Tradition is important in Bailey Patrick Jr.’s family, as evidence he is the fourth Patrick in as many generations to be named Bailey.
He also joined nearly his entire father’s side of the family in attending college at the University of North Carolina. That’s after following his father, grandfather, two siblings and four cousins in enrolling at Episcopal High in Alexandria, Va.
And finally, the the Charlotte native plays golf, same as much of his family does.
Thursday at Carolina Golf Club, Patrick will be one of 141 golfers in the field for the 54th North Carolina Amateur Championship in his hometown.
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But it all began when Patrick’s father got 5-year-old Bailey started at Charlotte Country Club. Soon afterward, it was clear the young Patrick was better than the rest of his family.
In his junior year of high school, Patrick won the Virginia State Independent Schools championship and tied for medalist honors. Two months later, he committed to play college golf at North Carolina.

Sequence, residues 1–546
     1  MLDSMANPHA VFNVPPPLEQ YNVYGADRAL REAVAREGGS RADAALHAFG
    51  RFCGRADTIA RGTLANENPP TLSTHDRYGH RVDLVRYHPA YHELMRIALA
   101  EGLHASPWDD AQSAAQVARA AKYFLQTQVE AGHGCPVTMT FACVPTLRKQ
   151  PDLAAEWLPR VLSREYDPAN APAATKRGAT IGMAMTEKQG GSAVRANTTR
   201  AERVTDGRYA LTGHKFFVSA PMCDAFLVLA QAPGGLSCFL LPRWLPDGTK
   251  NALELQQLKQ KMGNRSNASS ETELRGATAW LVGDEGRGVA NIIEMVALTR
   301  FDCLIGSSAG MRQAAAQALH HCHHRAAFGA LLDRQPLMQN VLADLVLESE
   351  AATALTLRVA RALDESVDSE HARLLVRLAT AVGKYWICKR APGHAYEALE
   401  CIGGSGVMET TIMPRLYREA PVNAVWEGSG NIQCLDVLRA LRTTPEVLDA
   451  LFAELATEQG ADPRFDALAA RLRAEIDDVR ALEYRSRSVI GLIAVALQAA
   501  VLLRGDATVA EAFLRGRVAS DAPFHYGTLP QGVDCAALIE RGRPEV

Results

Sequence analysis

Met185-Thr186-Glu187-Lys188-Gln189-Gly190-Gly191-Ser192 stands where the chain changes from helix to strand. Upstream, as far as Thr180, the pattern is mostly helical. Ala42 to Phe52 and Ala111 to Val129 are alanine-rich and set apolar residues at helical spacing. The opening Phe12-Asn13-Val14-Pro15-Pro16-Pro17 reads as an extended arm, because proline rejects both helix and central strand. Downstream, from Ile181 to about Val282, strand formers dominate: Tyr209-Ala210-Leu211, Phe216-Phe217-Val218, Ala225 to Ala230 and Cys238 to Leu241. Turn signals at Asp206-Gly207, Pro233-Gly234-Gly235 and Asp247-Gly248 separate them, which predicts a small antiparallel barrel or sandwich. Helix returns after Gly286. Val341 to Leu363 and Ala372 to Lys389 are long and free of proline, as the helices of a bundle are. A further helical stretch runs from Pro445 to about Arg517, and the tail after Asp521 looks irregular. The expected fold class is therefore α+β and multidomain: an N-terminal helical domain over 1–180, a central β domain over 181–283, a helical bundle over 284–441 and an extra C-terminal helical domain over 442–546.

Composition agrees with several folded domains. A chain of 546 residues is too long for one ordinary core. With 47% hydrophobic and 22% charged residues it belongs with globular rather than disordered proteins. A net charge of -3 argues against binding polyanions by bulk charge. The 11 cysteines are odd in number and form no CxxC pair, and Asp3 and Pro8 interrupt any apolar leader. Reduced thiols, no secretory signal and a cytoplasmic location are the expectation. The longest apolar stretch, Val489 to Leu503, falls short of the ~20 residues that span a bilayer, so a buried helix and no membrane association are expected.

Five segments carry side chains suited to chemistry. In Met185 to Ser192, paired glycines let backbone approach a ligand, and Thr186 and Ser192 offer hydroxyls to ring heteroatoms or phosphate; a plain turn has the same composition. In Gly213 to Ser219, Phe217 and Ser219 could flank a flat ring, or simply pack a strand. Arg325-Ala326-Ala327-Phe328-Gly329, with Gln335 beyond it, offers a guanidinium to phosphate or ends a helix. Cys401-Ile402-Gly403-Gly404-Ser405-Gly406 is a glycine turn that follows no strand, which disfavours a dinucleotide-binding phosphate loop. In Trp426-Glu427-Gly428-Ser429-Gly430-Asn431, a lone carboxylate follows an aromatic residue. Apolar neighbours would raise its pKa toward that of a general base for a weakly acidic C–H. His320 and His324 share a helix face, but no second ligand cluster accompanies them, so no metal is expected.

Although he was the best golfer in his family by high school, Patrick saw a big leap in his play once he reached college.
“I played football and basketball too, so I didn’t really focus on golf until college,” Patrick said. “I tried to stay well rounded in sports, and I’ve really had a very steady progression in golf, especially since I’ve been able to focus on it in college.”
And the results speak for themselves. After his freshman year at North Carolina, Patrick finished fifth at the 2012 North Carolina Amateur Championship, his best finish in a tournament at the time. In last year’s tournament, he shot a 64 in the final round – his lowest competitive round ever – to finish in a tie for second, one stroke out of a playoff.
But despite his rise through the years – including earning a spot at the U.S. Open Sectional Qualifier last week and a familiarity with the Carolina Golf Club (a course he’s played about 10 times), Patrick hopes to temper his expectations for this week’s N.C. Amateur.
“I definitely have high expectations, but expectations can be a difficult thing in golf because you play your best when you’re most free and not thinking about expectations,” said Patrick, who will start his round on the back nine at on Thursday afternoon. “I’ve actually found that my best tournaments come when I’m not expecting a whole lot.”